On July 8th, we had a pleasant surprise on Edisto Beach State Park. While two interns, Dalton and Ciara, were checking a Loggerhead turtle nest, they discovered a new Diamond Backed Terrapin hatchling. This hatchling was headed towards the ocean, and it needed to be relocated to the marsh. Diamond Backed Terrapins usually lay their eggs along marshy vegetation or in the sand dunes. They lay 25-40 eggs per season between the months of April-July. By moving the terrapin to the marsh, we gave it a better chance for survival.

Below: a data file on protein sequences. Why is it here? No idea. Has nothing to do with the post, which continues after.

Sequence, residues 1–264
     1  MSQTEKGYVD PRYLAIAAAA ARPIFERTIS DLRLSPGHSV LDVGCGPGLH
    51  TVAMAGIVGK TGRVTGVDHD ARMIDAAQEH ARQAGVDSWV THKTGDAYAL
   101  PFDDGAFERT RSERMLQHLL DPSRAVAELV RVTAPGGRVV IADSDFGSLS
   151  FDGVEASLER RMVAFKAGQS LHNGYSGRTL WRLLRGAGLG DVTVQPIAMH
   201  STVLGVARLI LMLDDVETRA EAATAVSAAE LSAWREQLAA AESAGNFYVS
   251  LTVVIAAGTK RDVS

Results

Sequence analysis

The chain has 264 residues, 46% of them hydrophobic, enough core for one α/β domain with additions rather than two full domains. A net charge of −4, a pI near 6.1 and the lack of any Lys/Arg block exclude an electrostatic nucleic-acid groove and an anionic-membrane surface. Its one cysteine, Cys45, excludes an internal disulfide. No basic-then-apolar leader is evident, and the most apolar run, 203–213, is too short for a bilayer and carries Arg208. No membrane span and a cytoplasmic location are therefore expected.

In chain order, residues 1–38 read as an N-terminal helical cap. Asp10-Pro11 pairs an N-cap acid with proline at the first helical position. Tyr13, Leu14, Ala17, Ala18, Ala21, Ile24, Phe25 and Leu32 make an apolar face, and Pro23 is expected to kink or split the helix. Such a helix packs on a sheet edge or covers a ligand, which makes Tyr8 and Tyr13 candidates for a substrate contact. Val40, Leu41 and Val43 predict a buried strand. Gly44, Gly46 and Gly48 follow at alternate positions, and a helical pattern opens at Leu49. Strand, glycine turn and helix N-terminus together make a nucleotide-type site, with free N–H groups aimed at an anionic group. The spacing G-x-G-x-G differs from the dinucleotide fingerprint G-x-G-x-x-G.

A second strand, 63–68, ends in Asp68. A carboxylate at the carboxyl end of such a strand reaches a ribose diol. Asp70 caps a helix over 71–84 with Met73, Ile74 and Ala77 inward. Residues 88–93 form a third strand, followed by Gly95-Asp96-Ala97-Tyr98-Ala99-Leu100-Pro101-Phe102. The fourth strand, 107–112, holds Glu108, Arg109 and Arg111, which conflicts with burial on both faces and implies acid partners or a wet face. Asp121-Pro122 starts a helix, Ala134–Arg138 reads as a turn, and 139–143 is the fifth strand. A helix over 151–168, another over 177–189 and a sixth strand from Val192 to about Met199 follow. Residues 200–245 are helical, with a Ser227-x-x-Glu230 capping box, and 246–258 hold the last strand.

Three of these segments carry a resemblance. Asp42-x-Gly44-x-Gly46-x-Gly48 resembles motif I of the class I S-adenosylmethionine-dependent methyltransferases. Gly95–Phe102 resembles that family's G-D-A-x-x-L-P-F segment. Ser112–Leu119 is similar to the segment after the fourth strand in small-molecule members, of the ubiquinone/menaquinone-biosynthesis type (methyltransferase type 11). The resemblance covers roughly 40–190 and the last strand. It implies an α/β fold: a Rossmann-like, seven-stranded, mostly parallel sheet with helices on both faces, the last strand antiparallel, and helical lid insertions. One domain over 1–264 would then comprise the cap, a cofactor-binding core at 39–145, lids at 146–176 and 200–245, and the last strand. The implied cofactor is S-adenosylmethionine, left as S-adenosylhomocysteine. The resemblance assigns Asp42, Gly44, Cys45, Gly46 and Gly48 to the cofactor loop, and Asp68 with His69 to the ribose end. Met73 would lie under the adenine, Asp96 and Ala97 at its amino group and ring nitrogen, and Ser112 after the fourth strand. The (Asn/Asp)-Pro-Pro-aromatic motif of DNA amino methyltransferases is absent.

We have two Diamond Backed Terrapins at the Environmental Learning Center. While the subspecies of those is not known, it can be assumed that the hatchling was a Carolina Diamond Backed Terrapin. Carolina terrapins have a parallel carapace and are most similar to the Northern Diamond Backed Terrapin subspecies. For all Diamond Backed Terrapins, the females are larger than the males. They have gray skin that is covered in black dots. Other subspecies have lighter skin, but they still have the black dots and other dark colorations along their skin.
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Sea Turtle Biologist